3 (1 = rare 5 = annual)
3 (1 = very little damage 5 = plants killed)
The squash bug (Anasa tristis) is a perennial and severe pest of pumpkins and squash; it rarely injures cucumbers and melons in the Midwestern United States.
Squash bug adults are brown, flat-topped, and 3/4 inch long. The nymphs are gray, flattened, and up to 3/4 inch long. The eggs are reddish brown and laid in clusters on the leaves.
Both the nymphs and adults suck sap out of leaves, stems, and fruit of squash and pumpkin. Feeding by large numbers causes vines to turn brown and black and then dry up. Heavy feeding on the fruits causes them to collapse and be unmarketable.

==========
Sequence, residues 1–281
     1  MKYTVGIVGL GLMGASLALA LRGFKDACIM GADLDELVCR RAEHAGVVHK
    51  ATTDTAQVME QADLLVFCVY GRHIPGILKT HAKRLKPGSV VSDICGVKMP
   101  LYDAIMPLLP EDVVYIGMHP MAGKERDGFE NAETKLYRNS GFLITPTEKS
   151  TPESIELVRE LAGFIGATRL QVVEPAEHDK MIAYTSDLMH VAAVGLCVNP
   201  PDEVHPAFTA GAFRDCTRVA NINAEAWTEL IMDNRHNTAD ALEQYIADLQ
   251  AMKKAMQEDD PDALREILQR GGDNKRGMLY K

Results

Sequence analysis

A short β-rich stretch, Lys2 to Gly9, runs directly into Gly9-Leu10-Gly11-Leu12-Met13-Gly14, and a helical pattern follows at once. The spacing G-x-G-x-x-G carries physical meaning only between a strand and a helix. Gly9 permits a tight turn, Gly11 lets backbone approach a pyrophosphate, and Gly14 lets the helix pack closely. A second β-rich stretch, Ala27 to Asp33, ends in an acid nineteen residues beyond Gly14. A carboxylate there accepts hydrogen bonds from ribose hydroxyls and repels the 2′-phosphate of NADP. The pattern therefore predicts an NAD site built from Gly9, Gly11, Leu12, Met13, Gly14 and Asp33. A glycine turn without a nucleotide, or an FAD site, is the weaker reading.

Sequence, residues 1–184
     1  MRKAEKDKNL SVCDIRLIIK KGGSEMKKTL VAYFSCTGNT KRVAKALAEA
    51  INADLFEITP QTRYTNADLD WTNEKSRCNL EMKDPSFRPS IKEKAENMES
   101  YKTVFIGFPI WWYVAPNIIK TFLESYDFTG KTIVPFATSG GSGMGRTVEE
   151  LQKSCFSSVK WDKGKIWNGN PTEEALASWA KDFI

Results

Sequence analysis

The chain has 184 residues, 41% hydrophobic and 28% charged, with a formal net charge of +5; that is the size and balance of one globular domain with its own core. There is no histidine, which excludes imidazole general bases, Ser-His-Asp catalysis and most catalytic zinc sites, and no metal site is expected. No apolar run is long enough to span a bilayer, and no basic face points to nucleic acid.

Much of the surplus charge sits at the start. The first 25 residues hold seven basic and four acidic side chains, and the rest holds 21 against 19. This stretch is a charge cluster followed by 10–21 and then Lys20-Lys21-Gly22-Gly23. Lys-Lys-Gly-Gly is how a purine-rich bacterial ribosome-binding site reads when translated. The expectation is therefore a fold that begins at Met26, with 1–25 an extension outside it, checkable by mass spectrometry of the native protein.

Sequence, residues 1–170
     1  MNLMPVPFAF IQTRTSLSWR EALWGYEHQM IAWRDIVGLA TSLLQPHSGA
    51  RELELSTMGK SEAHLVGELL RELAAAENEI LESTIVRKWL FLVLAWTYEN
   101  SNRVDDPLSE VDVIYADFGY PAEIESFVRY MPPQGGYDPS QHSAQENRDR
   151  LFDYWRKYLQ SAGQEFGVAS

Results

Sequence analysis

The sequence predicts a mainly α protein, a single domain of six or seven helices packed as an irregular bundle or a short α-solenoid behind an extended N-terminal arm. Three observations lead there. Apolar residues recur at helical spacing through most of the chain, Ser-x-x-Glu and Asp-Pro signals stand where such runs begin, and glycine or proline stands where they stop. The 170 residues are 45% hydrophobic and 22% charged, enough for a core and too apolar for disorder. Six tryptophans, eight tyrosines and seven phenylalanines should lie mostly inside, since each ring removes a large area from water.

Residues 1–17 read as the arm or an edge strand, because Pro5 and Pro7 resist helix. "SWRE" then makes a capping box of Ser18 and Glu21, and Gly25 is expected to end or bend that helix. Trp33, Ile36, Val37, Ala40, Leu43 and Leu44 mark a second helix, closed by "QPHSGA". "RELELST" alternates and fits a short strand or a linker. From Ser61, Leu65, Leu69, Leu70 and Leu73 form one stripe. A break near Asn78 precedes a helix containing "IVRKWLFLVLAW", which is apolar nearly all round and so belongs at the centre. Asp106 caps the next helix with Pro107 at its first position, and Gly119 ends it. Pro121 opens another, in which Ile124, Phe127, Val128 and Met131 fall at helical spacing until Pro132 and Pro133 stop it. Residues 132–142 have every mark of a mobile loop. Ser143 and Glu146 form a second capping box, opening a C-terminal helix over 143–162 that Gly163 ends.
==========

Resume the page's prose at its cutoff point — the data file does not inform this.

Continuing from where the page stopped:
Adults overwinter in nearby debris.
Crop rotation will reduce squash bug numbers. Remove debris in the fall to reduce overwintering sites. Treat when the first eggs begin to hatch, usually between June 15 and July 15, if infestations exceed 1 to 1-1/2 egg masses per plant. Treat when squash bugs are young because registered insecticides are not very effective against older nymphs and adults.